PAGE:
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Utah: Zion National Park
Terry from PA (Teaberry)
My husband and I visited this beautiful US treasure at the end of July, 2009. Here are a few notes about some of our research, our visit, three of our walks, and additional thoughts.
A little traveling background: I flew in from Philadelphia, and met up with my husband in Las Vegas, as he was there already visiting friends. After an overnight on “the Strip,” the two of us headed out early the next morning in our rental car, traversing some of the Nevada desert, a little bit of Arizona, and then into Utah. All super-highways and the roads are all well-marked. It took us about 2 ½ hours to travel the 160 miles distance to reach the town of Springdale, Utah, which is at the southern entrance to Zion Park. The directions were very easily “Google-able.” While Springdale is admittedly a bit touristy, the town is not too overdone. Wherever you stand, though, the tall, stony faces of the mountain ranges are within view, making this town sit in a beautiful setting. We had made our hotel reservations about four months earlier, and I would highly recommend advance planning of a summer trip, as Zion, and Springdale, receive many visitors.
There is one main road, route 9, that is Springdale, and you can find all of the commercial establishments, accommodations, and restaurants along this road. A free shuttle service operates along the route, traveling from one end of town to the Park and back. This cuts down on traffic in town considerably, and reliably runs every 10 minutes during peak season. Inside Zion, free (and frequent) shuttles operate from the Visitors Center; during peak season, no cars are allowed to drive within the Park.
One of the hikes we were highly interested in taking was the Narrows Hike, personal friends and members of SlowTalk highly recommended it. This hike not only follows the Virgin River through its enveloping canyons; it literally traverses THROUGH the river. The River is the trail. And what fun.
We were well-prepared for this adventure, and geared up ahead of time with special neoprene boots and socks, and walking sticks – all rented from the nearby ace adventure outfitters known as Zion Adventure Company. We watched a mandatory 15 minute safety film before we put on our gear, and then we were on our way.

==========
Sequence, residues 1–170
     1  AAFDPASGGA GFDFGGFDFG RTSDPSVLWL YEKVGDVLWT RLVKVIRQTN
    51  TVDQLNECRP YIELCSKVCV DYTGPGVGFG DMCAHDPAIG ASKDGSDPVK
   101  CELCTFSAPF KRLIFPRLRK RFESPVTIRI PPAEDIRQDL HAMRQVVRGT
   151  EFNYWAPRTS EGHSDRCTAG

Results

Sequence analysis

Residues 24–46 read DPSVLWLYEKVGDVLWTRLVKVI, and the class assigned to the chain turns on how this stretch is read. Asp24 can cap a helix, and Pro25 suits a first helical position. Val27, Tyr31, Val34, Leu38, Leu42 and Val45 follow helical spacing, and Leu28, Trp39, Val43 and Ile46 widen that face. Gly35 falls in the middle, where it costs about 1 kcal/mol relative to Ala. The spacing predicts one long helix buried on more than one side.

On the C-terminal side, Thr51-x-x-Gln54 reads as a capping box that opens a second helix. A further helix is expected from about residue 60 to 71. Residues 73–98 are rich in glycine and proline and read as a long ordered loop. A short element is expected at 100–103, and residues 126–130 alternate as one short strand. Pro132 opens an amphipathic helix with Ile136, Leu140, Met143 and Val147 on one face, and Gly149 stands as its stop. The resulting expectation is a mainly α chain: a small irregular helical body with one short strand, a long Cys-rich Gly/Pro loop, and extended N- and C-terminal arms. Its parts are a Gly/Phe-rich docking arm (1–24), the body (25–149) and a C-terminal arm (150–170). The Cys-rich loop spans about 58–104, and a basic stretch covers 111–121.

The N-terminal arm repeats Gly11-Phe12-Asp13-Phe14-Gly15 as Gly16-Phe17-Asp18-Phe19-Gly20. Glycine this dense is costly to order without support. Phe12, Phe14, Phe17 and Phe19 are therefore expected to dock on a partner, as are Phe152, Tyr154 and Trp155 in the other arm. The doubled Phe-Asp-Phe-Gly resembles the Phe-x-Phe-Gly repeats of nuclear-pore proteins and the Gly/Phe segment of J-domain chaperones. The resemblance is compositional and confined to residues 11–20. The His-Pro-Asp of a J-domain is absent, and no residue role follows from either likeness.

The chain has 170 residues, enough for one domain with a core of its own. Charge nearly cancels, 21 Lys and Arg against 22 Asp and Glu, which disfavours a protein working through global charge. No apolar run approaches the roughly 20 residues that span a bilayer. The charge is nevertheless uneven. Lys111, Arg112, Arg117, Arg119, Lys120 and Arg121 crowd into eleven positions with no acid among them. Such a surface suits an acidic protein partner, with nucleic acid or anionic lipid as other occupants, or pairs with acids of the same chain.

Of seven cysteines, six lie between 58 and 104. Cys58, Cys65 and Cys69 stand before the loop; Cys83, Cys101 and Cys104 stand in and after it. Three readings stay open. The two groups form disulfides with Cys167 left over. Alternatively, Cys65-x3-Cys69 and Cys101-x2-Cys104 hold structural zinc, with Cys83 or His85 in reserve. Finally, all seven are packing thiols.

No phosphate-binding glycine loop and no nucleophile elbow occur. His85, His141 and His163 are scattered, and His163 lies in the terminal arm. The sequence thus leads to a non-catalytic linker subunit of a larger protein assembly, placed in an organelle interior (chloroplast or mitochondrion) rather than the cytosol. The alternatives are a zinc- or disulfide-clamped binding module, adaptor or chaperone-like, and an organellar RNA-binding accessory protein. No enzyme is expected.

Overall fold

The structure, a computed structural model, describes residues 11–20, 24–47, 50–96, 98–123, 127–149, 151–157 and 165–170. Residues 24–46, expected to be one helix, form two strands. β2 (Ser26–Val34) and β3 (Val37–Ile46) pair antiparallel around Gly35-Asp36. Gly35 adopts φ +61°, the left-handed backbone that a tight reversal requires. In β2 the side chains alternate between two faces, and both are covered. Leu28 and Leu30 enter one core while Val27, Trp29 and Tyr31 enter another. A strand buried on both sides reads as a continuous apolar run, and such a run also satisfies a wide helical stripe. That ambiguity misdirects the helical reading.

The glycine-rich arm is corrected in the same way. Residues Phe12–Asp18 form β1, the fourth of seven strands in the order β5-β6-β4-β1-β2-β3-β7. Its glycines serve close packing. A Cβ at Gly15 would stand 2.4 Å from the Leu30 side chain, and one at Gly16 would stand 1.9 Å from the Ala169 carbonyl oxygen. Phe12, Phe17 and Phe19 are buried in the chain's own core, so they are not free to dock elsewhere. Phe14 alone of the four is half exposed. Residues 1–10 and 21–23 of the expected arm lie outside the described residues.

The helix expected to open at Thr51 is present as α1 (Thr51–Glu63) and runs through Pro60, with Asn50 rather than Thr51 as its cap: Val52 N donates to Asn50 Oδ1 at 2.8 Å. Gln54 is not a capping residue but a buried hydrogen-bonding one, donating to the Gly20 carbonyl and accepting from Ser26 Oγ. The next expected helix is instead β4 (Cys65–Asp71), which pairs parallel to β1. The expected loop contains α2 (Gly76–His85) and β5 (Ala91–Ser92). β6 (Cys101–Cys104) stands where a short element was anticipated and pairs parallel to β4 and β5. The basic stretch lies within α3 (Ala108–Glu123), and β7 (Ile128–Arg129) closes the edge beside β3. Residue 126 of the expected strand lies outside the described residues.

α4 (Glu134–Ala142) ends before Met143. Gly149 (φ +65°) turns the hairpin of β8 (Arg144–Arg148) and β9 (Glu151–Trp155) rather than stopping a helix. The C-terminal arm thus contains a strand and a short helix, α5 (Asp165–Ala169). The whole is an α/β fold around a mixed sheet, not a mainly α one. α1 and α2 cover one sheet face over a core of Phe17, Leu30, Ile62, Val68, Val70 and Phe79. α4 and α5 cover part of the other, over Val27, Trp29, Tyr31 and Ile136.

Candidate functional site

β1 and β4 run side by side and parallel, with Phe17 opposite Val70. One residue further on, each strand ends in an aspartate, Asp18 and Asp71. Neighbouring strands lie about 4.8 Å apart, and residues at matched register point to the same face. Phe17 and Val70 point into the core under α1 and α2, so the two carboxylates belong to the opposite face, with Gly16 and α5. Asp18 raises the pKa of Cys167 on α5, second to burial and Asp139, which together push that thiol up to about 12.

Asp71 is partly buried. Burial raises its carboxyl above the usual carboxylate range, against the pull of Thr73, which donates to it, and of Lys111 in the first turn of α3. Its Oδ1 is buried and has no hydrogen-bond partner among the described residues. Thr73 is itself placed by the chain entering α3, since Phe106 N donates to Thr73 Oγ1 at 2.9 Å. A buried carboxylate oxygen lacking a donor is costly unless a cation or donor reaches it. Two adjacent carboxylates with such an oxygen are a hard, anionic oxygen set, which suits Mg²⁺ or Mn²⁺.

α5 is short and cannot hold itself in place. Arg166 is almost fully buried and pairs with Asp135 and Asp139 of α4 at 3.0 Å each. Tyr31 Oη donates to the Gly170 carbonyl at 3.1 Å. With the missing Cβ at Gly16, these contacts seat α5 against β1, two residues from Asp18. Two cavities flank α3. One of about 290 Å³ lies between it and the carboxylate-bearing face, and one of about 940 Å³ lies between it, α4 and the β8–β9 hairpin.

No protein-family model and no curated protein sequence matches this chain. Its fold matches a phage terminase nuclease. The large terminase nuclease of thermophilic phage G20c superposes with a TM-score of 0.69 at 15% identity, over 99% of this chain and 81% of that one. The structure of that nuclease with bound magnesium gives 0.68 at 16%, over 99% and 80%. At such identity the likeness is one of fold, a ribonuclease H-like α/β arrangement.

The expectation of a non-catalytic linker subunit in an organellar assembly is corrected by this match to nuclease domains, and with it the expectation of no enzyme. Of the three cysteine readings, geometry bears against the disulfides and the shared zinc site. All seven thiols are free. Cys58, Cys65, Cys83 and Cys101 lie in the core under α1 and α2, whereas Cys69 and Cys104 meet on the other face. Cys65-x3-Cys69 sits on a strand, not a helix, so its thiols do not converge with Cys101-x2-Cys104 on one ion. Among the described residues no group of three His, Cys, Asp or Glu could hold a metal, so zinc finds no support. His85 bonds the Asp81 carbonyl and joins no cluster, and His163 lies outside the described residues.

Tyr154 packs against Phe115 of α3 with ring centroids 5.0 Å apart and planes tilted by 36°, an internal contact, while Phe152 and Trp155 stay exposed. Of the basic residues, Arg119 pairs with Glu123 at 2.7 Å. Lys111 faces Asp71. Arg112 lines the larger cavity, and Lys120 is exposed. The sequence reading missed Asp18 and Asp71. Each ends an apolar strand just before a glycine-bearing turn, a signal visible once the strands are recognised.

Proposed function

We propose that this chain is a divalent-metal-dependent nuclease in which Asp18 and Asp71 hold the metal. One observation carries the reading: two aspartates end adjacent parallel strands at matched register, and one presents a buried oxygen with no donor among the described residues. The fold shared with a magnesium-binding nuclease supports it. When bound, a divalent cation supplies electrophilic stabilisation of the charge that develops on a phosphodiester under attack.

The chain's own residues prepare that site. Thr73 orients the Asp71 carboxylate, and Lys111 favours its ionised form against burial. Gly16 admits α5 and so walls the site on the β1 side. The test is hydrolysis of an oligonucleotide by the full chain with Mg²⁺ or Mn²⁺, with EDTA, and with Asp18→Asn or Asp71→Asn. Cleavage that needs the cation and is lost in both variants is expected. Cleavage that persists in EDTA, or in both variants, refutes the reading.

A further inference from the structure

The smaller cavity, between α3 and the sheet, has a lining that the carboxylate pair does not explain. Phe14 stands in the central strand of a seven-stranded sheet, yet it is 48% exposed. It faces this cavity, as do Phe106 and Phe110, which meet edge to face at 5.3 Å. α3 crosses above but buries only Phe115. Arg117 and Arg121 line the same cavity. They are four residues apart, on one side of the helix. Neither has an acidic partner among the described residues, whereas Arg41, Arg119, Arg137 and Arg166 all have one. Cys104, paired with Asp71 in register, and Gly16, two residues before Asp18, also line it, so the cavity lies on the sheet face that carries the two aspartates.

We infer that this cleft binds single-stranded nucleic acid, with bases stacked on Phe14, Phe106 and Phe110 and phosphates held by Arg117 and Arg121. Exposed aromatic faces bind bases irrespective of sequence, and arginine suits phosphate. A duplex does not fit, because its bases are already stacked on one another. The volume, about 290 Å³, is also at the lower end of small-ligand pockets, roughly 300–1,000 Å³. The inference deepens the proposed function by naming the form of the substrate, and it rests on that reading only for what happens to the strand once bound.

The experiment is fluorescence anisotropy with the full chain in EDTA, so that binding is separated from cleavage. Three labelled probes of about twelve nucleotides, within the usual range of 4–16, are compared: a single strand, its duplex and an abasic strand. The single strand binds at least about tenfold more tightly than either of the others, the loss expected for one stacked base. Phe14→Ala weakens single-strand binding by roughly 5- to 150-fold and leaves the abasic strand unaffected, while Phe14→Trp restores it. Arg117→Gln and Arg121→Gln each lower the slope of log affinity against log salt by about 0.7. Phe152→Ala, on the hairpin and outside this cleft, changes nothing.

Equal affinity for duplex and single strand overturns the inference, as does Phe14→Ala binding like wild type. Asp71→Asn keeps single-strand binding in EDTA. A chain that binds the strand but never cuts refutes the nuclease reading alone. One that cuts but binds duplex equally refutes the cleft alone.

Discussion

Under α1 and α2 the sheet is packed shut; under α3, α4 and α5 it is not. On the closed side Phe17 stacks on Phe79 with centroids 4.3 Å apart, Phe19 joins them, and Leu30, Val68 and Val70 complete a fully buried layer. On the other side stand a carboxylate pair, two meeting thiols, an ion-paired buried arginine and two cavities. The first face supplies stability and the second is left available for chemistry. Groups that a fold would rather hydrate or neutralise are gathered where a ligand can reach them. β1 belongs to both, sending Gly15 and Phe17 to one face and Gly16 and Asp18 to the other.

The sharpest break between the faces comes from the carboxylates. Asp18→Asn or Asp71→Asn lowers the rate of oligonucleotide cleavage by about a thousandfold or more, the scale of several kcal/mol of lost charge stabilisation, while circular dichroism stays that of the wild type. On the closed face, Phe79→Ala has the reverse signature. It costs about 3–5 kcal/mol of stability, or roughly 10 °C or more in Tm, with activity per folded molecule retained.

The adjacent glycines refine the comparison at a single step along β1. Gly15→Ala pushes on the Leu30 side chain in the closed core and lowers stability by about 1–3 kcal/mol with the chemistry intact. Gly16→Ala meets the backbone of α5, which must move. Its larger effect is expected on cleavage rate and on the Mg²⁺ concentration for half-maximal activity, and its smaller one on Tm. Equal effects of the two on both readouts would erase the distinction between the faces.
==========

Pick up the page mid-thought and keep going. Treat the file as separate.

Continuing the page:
The shuttle bus took us to our trailhead, and after a one mile paved path to the Narrows hike, we were on our way. While you can take this hike during all four seasons, I personally cannot imagine a better time than on a hot summer day like the one we enjoyed. A very popular hike, we saw families with children of all ages, youngsters and oldsters and everything in between. The River occasionally came as high as our hips, but mostly was about mid-calf to knee-high. Rocks cover the river bottom, making for a quite challenging hike; additionally, the hike into the Narrows is all upstream. The trip back, on the other hand, is all downstream. Words cannot describe the beauty of the steep canyon walls and the play of shadow and light around us as we waded through the cooling waters.
Canyon Overlook Trail
Another much shorter and less challenging but equally impressive hike that we enjoyed was the Canyon Overlook trail. To access the trailhead, we had to drive past the Park entrance and around some incredible switchbacks that lead to the Zion-Mt. Carmel Tunnel. Immediately upon exiting the tunnel there is a parking lot on the right, and the Canyon Overlook trailhead is on the left. After an initial rise in elevation, the rest of the trail is relatively flat, with some beautiful cliff overhangs and vistas to enjoy, en route to the jeweled perch at the end, the Overlook. We did this hike around 10am, and enjoyed the whole area to ourselves; though by the time we left, we had more company. The view is majestic, expansive, and dramatic, and a very worthwhile one-mile roundtrip excursion.
We also hiked to two of the Emerald Pools, passing by Weeping Rock along the way to the first Emerald Pool. The hike to the Lower Pool is shaded and casual, and the Weeping Rock drippy and lush. Unfortunately, I think that both the Lower and Middle Pools were fairly dried up (think swampy) due the mid-summer heat and lower precipitation. We were somewhat disappointed about that, although the hiking was fun. I would recommend visiting these Pools sometime around springtime or after rains.
Zion Adventure Company: http://www.zionadventures.com/
Zion National Park – The Narrows: http://www.zionnational-park.com/zion-narrows.htm
Zion National Park: http://www.eastziontourismcouncil.org/zion-national-park-vacation.htm
Joe’s Guide to Zion National Park: http://www.citrusmilo.com/zionguide/
American Southwest – Utah: http://www.americansouthwest.net/utah/zion/national_park.html
National Weather Service Forecaster http://www.nwrfc.noaa.gov/ (good to check before taking any hikes, but particularly the Narrows)
Zion Park Inn: http://www.zionparkinn.com/. We stayed at this hotel and loved it – beautiful setting, service, and amenities. The price was right, too. Outside the Park, but only 5 minutes away by shuttle.
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